Filter: You will need to remove as much dirt and debris as possible from the water before moving on to the next step. If the water is cloudy it’s best to let it settle naturally over the course of 12 – 24 hours, but you may be in a rush and pouring it through a coffee filter, handkerchief, or other fine material, into a clean container will work as well. Make sure to change and/or clean any filters you use as they begin to show signs of contamination or discoloration.

The water should now be safe to use for washing clothes and gear, but not for drinking, personal care, bathing, or cleaning cookware, you’ve got another step before that.

The use of a well-made commercial filter allows you to skip the next step and go directly to consumption.

TREAT IT:
Treatment is a crucial step in the purifying process and should never be skipped. Now that you’ve filtered your water and it isn’t cloudy anymore, you’ll need to kill any germs left-over that may be in the water. Treatment by boiling or with bleach are the most widely agreed upon methods to safely purify questionable water, and luckily you only have to do one or the other before it’s safe to drink.

Boiling: Evaporation during boiling can be a problem if you don’t have a covered container, and the need for fuel can make this a tricky task for some. But while this method has it’s drawbacks, it remains highly effective when done properly.

All questionable water should be boiled for no less that 3 – 5 minutes for proper sanitation, but a period of 10 minutes is the best way to guarantee safe consumption (because boiling water at high altitudes takes longer, you need to add 1 minute of boil time for every 1000 feet above sea level that you are located). After the water is done boiling, it’s important to let it cool before taking a drink.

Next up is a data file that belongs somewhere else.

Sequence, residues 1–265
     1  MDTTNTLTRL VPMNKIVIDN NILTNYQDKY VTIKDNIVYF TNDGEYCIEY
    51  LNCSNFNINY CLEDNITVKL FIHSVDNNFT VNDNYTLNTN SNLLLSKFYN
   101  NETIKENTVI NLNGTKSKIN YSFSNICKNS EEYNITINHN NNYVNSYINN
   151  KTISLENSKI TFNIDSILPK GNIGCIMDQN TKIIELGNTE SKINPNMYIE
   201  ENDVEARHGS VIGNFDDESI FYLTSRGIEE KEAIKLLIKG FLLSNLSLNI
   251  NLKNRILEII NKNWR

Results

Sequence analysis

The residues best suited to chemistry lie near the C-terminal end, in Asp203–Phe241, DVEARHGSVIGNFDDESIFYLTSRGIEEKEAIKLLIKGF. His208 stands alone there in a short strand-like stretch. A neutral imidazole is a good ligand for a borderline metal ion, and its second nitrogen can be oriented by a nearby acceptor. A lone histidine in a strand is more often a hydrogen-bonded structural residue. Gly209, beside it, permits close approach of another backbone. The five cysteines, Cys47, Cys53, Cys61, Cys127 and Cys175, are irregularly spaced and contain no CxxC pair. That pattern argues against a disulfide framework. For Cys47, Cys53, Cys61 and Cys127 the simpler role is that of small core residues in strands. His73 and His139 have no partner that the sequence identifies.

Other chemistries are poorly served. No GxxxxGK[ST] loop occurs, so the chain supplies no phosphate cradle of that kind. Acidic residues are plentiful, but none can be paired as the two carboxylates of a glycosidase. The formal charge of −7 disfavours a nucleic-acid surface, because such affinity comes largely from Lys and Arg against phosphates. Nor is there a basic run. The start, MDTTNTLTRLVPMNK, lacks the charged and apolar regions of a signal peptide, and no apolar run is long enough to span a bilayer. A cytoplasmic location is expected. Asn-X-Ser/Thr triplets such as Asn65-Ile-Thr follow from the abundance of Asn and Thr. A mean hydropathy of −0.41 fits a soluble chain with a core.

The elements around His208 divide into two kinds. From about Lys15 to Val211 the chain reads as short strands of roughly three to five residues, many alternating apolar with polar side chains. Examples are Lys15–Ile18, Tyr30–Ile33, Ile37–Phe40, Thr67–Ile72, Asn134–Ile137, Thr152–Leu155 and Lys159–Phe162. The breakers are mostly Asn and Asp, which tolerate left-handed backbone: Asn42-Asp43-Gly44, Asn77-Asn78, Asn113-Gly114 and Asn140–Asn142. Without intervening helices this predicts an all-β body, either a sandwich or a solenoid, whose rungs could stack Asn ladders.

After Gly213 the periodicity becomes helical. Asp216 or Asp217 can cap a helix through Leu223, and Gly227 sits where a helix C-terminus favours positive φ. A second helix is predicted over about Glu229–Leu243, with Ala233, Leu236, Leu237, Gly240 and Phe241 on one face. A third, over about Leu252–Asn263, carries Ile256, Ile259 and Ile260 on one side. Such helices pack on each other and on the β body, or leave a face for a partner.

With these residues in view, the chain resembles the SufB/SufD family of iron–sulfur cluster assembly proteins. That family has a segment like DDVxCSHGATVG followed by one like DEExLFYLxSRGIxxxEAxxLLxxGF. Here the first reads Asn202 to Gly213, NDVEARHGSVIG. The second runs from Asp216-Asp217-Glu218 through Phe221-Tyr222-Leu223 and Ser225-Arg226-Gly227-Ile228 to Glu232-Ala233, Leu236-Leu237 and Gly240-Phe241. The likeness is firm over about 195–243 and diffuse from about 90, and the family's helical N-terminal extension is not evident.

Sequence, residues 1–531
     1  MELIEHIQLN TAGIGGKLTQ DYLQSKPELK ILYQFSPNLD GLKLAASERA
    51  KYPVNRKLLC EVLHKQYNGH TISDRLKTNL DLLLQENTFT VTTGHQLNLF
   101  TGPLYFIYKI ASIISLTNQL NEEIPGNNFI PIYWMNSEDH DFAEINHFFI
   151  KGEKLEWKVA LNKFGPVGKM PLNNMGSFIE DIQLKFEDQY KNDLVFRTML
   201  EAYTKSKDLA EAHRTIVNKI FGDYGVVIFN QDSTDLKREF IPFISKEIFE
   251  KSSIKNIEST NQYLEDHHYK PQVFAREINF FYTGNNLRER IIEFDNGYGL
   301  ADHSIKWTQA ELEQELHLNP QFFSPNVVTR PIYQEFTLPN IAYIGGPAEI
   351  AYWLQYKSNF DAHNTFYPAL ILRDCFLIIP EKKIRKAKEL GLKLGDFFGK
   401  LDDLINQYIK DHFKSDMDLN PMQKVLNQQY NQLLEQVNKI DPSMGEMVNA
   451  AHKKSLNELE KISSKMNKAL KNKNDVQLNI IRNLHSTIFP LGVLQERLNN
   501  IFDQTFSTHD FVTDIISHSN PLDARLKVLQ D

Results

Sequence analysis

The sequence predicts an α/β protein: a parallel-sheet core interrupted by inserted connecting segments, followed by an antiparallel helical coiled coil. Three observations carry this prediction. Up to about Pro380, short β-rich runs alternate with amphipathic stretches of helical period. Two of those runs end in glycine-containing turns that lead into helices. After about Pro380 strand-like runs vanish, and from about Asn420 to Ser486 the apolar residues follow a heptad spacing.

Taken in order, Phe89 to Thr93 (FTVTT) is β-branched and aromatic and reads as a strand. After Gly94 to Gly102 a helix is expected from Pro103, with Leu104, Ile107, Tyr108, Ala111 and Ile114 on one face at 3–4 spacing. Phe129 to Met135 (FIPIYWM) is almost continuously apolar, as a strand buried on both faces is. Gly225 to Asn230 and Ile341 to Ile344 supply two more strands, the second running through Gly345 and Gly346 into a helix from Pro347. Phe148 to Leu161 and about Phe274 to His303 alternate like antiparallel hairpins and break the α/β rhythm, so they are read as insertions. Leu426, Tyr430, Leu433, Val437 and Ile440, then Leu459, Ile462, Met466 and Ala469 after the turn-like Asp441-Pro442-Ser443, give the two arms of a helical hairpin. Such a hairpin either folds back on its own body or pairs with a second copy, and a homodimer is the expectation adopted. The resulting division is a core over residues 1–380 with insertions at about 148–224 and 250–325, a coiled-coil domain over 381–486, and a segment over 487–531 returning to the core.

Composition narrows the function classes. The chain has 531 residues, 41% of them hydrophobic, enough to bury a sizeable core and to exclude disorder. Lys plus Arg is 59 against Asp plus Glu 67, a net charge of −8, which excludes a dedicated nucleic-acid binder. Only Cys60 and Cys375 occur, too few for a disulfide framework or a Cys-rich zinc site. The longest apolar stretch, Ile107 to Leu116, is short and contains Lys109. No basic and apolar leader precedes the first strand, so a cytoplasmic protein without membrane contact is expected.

Boil treated water can safely be stored in clean and resealable containers for up to one year.

Bleach: A highly effective method, though dangerous if not done properly, bleach is a wonderful tool for treating questionable water. Use plain liquid bleach with no additives or additional ingredients. Never use scented, color safe, powdered, or boosted bleaches when treating water.

To treat water with chlorine bleach, simply place the water into a clean container and add exactly 16 drops for every gallon of water (this is most easily done with an eye-dropper). Stir the mixture well and let it rest for 30 minutes. If the water does not retain a slight bleach smell, repeat the addition of drops per gallon and let it rest for another 15 minutes. If it still does not retain a slight bleach smell, the water is too highly contaminated and will not be usable. At this point, it’s time to get a new batch of water and try again.

  • 1 quart bottle               4 drops of bleach
  • 2 liter soda bottle        10 drops of bleach
  • 1 gallon jug                 16 drops of bleach (1/8 tsp)
  • 2 gallon cooler             32 drops of bleach (1/4 tsp)
  • 5 gallon bottle             1 teaspoon of bleach

Bleach treated water can safely be stored in clean and resealable containers for up to one year.

DRINK UP: Now you can be rewarded for your efforts. Sit back, relax, and have a nice glass of water.